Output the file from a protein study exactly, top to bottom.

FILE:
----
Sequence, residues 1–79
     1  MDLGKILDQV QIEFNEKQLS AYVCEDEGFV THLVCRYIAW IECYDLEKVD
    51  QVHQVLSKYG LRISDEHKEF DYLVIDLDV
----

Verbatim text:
Sequence, residues 1–79
     1  MDLGKILDQV QIEFNEKQLS AYVCEDEGFV THLVCRYIAW IECYDLEKVD
    51  QVHQVLSKYG LRISDEHKEF DYLVIDLDV